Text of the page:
“It’s very, very cool because we have quite a substantial district,” said Diane Sheridan, director of the Grand Haven Main Street Downtown Development Authority.
The local authority’s Main Street Preservation & Place Committee has worked for the past two years on the application process, and were aided by a service grant awarded in 2014 from the Michigan Main Street Center. This grant resulted in $47,000 worth of professional services from consultant Bill Rutter.
“They hired the consultant for us to come in and write the application,” Sheridan said. “This is a two-year application (process), so Mr. Rutter has spent a significant amount of time putting this together.”
Sheridan said the application and selection for the consultant is “a significant recognition for Grand Haven.”
Other cities in the area with their downtowns listed on the National Register of Historic Places include Holland, Allegan and Lowell, Sheridan said. Grand Rapids also has several historic districts/neighborhoods, including Heartside Historic District, Heritage Hill and the Ledyard Block.
The National Register is the official list of the nation's historic places worthy of preservation. Authorized by the National Historic Preservation Act of 1966, the National Park Service's National Register is part of a program to coordinate and support public and private efforts to identify, evaluate and protect America's historic and archeological resources.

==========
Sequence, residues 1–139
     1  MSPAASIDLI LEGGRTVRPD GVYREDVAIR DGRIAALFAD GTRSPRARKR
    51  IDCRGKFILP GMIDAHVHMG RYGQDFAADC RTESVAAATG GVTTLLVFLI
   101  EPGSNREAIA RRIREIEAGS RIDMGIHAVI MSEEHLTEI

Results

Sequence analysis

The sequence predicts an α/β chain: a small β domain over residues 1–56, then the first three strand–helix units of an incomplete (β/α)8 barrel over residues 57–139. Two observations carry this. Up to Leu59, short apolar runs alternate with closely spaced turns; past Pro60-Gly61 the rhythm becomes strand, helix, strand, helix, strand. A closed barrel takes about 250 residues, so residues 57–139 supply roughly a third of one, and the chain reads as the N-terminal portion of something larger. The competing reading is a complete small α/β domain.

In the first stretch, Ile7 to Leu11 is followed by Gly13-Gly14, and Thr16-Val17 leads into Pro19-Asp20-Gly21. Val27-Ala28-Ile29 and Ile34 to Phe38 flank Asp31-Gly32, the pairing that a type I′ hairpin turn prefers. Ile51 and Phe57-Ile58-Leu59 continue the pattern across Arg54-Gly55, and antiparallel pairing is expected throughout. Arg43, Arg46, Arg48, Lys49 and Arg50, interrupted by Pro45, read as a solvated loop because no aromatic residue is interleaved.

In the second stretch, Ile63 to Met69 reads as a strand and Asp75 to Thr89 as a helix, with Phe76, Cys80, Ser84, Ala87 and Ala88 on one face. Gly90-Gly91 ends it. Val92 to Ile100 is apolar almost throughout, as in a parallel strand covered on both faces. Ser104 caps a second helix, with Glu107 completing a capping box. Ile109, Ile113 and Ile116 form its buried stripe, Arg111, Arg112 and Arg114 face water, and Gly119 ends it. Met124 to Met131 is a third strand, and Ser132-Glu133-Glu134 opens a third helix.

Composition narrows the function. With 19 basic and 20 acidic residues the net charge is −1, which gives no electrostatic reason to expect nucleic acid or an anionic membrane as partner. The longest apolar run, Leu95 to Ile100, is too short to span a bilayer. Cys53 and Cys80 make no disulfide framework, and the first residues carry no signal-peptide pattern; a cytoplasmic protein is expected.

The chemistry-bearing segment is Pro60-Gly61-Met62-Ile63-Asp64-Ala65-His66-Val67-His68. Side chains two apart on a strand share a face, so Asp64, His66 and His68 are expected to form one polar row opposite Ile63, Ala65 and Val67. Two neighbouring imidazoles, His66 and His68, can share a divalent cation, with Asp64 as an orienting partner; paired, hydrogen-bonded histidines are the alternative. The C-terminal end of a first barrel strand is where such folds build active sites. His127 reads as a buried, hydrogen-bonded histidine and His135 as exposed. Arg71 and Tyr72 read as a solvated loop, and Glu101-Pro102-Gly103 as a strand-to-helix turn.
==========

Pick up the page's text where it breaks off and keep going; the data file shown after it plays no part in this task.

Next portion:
Sheridan said 117 buildings in Grand Haven are identified in the application, with construction dates ranging from 1840 to 1965. The coal tipple along Jackson Street is also being submitted for listing in the National Register with its own application.
According to Sheridan, the application includes historic information about each property that Rutter was able to discover during the two-year process.
“It has been phenomenal the information we’ve received back,” she said, noting that some information wasn’t yet featured in archives at the local museum or library.
Benefits of the designation include a listing in the National Register Archives; the encouragement of preservation of historic resources; and opportunities for specific preservation incentives such as federal preservation grants for planning and rehabilitation, federal investment tax credits, preservation easements to non-profit organizations, and other possible state funding opportunities.
“Another key component is cultural tourism, (which) is a growing phenomenon in the U.S.,” Sheridan said. “I think the other thing is the value of knowing who you are and a better appreciation of our own community.”
A listing on the National Register places no restrictions on private property, Sheridan noted.
The city’s application will be submitted to the Michigan State Historic Preservation Office for review on May 6. Afterward, the application will be sent to the National Parks Service for consideration.
Sheridan said she anticipates hearing back about the city’s application by the end of the year, and will plan for a ribbon-cutting celebration downtown once the status is achieved.